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Wednesday, 11 August 2004
Page: 2075

Ms ELLIS (2:44 PM) —My question is addressed to the Minister for Ageing. Does the minister recall the tragic case, raised by the member for Isaacs in this chamber, about Chelsea Private Nursing Home, which passed 43 out of 44 accreditation standards in September 2003 and then failed 19 of 44 standards only two months later, following the death of a resident which was allegedly caused by an attack by another patient? Does the minister recall saying about that tragic case, `This is an example of how the accreditation system that was introduced by the Howard government in 1996-97 is working'? Minister, isn't this tragic case just one example of a myriad of cases as outlined in today's Bulletin? What does the minister have to say to the husband of the woman who died so tragically because of the failure of Howard government's accreditation system?

Ms JULIE BISHOP (Minister for Ageing) —I am aware of the article in the Bulletin magazine today. I point out that a number of the matters in that article have been raised before and more current information is, in fact, available. All four of the current aged care homes cited by the Bulletin are now fully compliant with all 44 outcomes required under the accreditation process introduced by this government. On coming to office, because there was nothing in place under Labor, this government put in place a comprehensive regulatory framework to ensure that the highest standard quality care would be delivered in aged care homes. We introduced an accreditation system. This was the first national legislated quality assurance program this country had seen. In its 13 years in government, Labor did not address a national quality assurance program. We introduced certification to ensure that aged care homes reached specific building standards. That was not introduced under Labor. We introduced a complaints resolution scheme and a freecall number so that if any resident, family member or staff member had a concern or complaint it could be raised, even anonymously. We introduced the position of a commissioner for complaints, who has a role in mediating and negotiating outcomes as a result of complaints. We introduced a charter of residents' rights and responsibilities. None of this existed under Labor. Aged care providers are required to meet these high standards at law.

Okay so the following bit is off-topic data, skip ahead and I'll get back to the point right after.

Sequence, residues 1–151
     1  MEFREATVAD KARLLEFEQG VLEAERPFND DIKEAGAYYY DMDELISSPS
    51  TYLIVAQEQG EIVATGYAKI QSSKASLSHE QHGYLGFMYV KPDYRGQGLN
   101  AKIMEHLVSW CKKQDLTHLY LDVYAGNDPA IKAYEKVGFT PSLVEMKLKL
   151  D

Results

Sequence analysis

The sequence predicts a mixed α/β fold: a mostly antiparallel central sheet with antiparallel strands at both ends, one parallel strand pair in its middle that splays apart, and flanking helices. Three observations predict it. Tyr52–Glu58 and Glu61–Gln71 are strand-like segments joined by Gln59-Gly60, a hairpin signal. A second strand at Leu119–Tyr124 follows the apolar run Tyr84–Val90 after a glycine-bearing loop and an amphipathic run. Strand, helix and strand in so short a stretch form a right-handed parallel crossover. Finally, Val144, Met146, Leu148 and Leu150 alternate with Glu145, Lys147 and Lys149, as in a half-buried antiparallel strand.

Aged care is now well supervised, well monitored and very well subsidised. In the last budget, over $2.2 billion was allocated to residential aged care, the largest single funding package for aged care by any government at any time. This means that from today until 2008 over $30 billion of taxpayers' funds will be invested in the aged care sector. That funding was designed to ensure that more funds are available by way of care subsidies to meet the cost of care, more funds are available for education and training, more funds are available for capital and more places are available to meet the needs of older Australians.

Instances of poor care are never acceptable but, under the system this government has introduced, instances of poor care are detected and acted upon. Poor compliance is worked on until it becomes good compliance. Instead of Labor always knocking the aged care sector and, by inference, casting aspersions on the aged care work force—the skilled and dedicated workers who provide the love, care and support for older Australians—it ought to release an aged care policy. This government is delivering on a world-class system of aged care that is high-quality, affordable and accessible, and we will keep on getting on with the job of caring for older Australians.